White House Down

What it's about:

During a tour of the White House with his young daughter, John Cale, an ex-marine who having just recently been  rejected for his dream job of joining the Secret Service, suddenly finds himself as the only man who can save the president from a group of terrorists who have violently overtaken the building.

What we thought:

So... I can't help but feel that we've just done this. White House infiltration. Nuclear launch codes. Betrayal from within. A disgraced/wannabe Secret Service man who finds himself the only thing that stands between the president of the United States of America and bloodthirsty baddies who want to, basically, blow up the world.

This is Olympus Has Fallen, isn't it? You would think so, but no, (quite a bit) less than half a year since Butler and co, tore into cinemas with their Die-Hard-in-the-White-House actioner, audiences get to go through much the same thing again, only this time with Channing Tatum in the lead and Roland Emmerich at the helm.   

Well, here's a little twist for you: Not only is White House Down markedly superior to Olympus Has Fallen, it is, by several million miles, the best big budget blockbuster Roland Emmerich has made since Independence Day.

Now, I grant you, that's not exactly saying much as Emmerich has pretty definitely proven himself to be the worst 'Summer Movies' director this side of Michael Bay and, frankly, it doesn't take that much to beat the mercilessly stupid Olympus at its own game but credit where credit is due. White House Down is hopelessly derivative, endlessly ridiculous and its wham-bam action set pieces are entirely undeterred by weak characterisation and a total lack of intelligence or nuance, but there's no getting past it: White House Down does what it sets out to do - and with a fair amount of aplomb at that.

The script by the inconsistent James Vanderbilt (Zodiac and Amazing Spider-Man on one side, Darkness Falls on the other) has some pretty shoddy dialogue and all the subtlety of a jackhammer but the film is actually fairly well structured as it spends its opening chapter introducing the characters and their (admittedly often spurious) motivations and then spends the rest of the film ratcheting up the tension all the way through, as more and more goes wrong for our very likable protagonist  - and the people he's trying to protect - until it reaches its suitably mad climax. It also has a bunch of twists along the way, albeit one or two too many, and though they're not exactly that brilliantly conceived at least they keep the story somewhat interesting.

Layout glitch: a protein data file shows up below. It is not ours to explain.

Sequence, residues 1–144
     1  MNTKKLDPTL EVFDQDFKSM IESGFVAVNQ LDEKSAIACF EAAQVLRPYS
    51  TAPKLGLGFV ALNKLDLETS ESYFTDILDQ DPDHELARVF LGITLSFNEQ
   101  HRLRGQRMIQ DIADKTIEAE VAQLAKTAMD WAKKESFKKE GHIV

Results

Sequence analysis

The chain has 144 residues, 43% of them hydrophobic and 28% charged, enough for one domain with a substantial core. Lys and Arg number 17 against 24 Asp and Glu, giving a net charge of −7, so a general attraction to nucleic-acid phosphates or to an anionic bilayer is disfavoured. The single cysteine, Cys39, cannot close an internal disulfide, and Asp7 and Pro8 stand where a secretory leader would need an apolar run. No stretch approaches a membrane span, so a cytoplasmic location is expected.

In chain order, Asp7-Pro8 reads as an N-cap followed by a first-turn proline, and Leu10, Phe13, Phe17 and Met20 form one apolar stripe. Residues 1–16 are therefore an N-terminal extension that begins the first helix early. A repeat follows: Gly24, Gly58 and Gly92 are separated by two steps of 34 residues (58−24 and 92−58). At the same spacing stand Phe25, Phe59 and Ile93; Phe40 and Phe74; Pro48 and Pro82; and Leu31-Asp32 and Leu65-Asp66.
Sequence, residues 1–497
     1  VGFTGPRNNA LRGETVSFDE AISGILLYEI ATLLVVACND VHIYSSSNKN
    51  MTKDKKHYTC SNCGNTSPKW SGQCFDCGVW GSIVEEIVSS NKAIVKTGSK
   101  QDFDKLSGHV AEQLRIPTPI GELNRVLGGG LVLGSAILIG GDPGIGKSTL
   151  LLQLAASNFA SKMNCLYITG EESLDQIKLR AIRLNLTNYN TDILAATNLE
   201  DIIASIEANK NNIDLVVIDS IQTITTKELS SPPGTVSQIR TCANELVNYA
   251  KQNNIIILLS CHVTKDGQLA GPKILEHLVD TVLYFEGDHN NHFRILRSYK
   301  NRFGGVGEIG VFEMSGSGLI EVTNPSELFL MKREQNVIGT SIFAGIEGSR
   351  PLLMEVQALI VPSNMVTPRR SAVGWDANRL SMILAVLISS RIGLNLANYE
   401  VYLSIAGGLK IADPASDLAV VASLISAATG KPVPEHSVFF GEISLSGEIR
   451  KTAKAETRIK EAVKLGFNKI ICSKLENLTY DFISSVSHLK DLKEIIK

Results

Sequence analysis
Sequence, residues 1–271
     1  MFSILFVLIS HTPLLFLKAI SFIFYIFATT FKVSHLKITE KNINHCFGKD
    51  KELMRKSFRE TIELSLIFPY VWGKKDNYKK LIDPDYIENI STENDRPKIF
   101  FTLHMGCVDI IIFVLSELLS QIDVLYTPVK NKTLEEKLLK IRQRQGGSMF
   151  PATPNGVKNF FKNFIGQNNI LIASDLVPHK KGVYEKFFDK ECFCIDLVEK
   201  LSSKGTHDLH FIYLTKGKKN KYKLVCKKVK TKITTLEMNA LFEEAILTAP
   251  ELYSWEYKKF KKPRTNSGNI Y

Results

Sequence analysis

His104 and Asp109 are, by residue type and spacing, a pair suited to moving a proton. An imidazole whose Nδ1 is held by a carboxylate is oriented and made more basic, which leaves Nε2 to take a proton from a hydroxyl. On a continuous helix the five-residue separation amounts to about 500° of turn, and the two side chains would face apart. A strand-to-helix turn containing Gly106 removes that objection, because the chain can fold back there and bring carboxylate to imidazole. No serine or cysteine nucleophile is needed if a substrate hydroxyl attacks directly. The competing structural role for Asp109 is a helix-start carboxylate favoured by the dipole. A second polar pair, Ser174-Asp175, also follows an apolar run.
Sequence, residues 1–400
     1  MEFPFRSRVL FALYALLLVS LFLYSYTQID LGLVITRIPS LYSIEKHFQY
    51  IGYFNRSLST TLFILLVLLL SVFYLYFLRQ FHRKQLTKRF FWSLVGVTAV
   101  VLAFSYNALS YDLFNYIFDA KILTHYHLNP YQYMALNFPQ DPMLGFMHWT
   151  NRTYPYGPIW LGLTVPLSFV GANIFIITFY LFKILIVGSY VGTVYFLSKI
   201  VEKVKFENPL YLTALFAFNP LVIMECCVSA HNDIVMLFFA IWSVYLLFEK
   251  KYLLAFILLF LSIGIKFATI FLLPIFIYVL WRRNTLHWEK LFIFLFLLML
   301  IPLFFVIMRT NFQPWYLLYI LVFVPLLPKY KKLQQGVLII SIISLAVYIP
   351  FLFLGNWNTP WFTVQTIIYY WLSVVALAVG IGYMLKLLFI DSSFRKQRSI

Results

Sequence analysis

The film is very action heavy and relentlessly paced so kudos have to go to Emmerich for actually holding it together all the way through to the bitter end. Films that revel in destruction and endless action scenes are often a headache to sit through (see Transformers 3 or Red Dawn for two recent interminable examples of this) but Emmerich keeps the action enjoyable and puts enough thought into the set pieces to keep the entire film more exciting than excruciating.

The two places that White House Down really crushes the competition though is in its characters and its relative intelligence. Don't get me wrong, White House Down is pretty damn ridiculous and its characters have no real depth whatsoever but, in these areas above all others, it looks like Pan's Labyrinth in comparison to the brain-pulverising daftness of Olympus Has Fallen.

On the character front, admittedly, the good guys in both films are mostly interchangeable and both very likable, if somewhat bland, leading men are given great support by an a-list cast but the villains in White House Down are simply way more fun than their Olympus counterparts.

Most importantly though, it does seem like some actual thought went into the villains' Evil Scheme and at least this time around the script at least attempts to explain why the White House security is so unbelievably shoddy.

My biggest gripe with Olympus Has Fallen was that it felt so poorly thought out as to pull me straight out of the action every time a new plot twist or revelation came to the fore. Say what you want about White House Down but at least it looks like it took more than five minutes to write.    

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